“The tourism industry has been severely impacted and it doesn’t seem like it will be recovering in the second quarter of the year, because by then people will be more focused in making money than in traveling,” explains Sheng Guo, a specialist in macroeconomics and economics instructor at Florida International University.
The projections for this industry are not encouraging. According to a recent report, global losses are expected to reach 80 billion dollars.
In this scenario, airlines are taking the worst part. According to a UN report, international airlines worldwide will lose 4,000 to 5 billion dollars in gross operating revenues due to the outbreak.
Air France, for example, recently announced that the suspension of some of its flights will subtract more than 150 million euros from its results until April, while IAG, the group that manages Iberia and British Airways, had a decrease of 2,1 percent in Ibex, the main reference stock index of the Spanish stock market.
Despite this, Sheng Guo believes that the impact on national tourism will be minimum, considering that although there’s a large influx of Chinese travelers to the United States, the country depends much more on domestic flights travelers to generate profits.
In Florida, for example, of the 14 million international travelers that the state received in 2018, less than 300,000 arrived from China, which represents roughly 2 percent of all international visitors.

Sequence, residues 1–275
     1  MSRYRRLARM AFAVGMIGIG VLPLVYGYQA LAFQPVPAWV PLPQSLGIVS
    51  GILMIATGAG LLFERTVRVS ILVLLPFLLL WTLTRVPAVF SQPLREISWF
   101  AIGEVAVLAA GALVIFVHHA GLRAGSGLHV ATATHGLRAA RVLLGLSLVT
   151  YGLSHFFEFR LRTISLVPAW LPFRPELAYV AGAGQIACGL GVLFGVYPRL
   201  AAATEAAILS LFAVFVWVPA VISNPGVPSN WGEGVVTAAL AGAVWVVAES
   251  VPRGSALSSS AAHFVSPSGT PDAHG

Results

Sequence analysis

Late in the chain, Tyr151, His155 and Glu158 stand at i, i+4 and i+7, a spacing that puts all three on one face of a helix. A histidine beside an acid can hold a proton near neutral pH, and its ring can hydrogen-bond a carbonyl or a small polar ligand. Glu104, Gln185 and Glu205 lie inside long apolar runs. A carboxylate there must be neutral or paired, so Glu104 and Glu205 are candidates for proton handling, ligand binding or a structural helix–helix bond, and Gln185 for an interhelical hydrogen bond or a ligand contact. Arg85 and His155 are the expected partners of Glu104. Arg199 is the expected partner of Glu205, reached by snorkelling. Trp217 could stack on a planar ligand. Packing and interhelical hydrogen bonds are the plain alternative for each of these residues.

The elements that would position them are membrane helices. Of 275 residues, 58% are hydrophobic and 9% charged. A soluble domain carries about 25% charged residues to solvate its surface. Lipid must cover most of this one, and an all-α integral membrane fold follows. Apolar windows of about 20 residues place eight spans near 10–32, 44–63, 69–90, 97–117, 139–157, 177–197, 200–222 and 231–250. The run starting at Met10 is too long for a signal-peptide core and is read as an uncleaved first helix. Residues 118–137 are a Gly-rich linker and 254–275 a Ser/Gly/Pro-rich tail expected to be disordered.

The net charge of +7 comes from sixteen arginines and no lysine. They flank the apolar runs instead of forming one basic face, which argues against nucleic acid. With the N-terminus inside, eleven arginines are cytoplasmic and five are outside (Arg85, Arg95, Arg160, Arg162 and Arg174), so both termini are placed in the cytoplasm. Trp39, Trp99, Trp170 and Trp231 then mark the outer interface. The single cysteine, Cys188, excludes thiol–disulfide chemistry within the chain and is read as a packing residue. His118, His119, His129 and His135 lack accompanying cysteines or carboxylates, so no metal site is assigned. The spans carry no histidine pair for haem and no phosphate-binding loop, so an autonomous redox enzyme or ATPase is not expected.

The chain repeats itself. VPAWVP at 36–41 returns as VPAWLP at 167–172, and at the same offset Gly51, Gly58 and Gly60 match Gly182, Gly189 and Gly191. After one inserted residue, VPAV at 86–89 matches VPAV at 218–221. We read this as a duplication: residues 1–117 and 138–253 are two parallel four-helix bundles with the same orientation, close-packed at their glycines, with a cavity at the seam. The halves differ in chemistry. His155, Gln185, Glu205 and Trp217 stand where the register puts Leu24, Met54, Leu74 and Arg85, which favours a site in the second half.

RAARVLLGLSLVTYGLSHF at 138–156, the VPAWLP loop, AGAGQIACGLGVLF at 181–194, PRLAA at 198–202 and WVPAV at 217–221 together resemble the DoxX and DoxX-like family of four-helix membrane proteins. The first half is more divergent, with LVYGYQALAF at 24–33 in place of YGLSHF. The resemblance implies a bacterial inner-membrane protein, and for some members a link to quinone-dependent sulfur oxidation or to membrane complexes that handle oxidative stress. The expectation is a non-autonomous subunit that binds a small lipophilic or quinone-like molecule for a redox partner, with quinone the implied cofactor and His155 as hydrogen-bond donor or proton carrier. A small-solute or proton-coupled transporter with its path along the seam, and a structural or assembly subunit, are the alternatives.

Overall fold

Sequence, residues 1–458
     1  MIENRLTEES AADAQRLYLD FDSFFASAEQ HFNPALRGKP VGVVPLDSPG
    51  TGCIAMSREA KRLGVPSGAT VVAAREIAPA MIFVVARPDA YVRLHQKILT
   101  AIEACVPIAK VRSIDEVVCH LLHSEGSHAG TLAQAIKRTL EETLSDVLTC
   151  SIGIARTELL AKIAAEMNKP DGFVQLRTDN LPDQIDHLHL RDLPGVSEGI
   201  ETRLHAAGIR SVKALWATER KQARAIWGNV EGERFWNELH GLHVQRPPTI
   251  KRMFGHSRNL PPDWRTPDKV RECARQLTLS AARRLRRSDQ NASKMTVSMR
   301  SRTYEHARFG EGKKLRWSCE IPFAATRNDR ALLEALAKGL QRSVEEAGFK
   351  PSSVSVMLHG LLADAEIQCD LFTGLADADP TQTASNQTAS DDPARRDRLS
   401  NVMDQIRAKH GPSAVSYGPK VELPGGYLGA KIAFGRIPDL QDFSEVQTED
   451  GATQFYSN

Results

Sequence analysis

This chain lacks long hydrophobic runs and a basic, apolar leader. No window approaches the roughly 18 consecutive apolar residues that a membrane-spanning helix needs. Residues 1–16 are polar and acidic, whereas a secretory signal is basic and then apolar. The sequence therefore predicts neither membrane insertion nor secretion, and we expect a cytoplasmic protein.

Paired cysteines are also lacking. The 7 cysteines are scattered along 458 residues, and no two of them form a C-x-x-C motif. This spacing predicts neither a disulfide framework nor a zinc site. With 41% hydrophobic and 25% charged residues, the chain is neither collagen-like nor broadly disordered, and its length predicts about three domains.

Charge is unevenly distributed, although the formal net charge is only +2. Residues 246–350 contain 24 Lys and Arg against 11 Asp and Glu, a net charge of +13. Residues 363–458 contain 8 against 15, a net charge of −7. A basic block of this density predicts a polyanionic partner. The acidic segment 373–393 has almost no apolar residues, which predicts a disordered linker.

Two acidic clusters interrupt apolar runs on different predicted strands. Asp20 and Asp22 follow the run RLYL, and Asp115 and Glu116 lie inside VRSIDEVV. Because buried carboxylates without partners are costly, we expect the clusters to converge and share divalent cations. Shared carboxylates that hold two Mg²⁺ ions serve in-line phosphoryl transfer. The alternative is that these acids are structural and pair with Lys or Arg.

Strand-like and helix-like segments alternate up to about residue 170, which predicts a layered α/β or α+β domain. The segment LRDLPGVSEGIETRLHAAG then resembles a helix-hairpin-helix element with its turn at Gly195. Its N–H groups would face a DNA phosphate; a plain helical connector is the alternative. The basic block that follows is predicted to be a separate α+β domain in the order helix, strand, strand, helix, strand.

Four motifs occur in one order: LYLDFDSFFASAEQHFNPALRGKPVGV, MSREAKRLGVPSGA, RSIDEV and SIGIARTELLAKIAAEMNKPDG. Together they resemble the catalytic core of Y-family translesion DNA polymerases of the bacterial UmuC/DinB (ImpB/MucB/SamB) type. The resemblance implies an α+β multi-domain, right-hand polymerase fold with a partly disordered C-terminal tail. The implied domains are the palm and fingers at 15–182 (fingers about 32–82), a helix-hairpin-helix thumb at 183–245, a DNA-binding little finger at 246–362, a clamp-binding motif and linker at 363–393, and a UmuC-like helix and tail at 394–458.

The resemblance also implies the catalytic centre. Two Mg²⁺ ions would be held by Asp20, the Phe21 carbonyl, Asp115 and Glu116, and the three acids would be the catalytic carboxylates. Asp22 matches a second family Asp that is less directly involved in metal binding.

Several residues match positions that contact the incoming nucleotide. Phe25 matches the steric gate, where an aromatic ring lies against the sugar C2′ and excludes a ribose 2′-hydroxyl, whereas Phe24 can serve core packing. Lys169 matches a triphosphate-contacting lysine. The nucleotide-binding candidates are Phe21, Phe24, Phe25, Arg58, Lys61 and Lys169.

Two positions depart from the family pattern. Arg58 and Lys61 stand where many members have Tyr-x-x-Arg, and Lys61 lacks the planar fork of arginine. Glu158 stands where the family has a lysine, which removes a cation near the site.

However, this is not the reality for everyone. In Los Angeles, for example, a loss of up to 325 thousand Chinese tourists is predicted due to the outbreak, resulting in a 921 million dollars drop in direct expenses.
But the list of shaken industries by coronavirus is even longer. As far as toys, American consumers can start preparing for a shortage of products, since 84 percent of all toys sold in the United States come from China.
Some companies have begun to feel this reality head-on, as is the case with MGM Entertainment, which markets L.O.L Surprise dolls. The company’s executive president announced its production fell by 60 percent compared to this same period last year.
In addition, the concern for the coronavirus has also extended to the sports world. Several events worldwide have been canceled or suspended such as the Chinese Formula 1 Grand Prix, scheduled for April 19, that was suspended.
The FIA ??and F1 announced that they will continue to monitor the situation and explore the possibility of changing dates if the public health situation improves.
The Asian water polo championships were also canceled, as well as the Rugby Sevens Series 2020 of Hong Kong and Singapore because in these two countries health problems for coronavirus haven’t ceased. Regarding the Olympic swimming events in China, it hasn’t been confirmed yet if they will continue or not.
On the other hand, soccer has also suffered. The start of the China and Japan leagues was postponed, while in Italy, the A Serie suspended a few matches and decided that the game between Juventus and Inter would be played behind closed doors.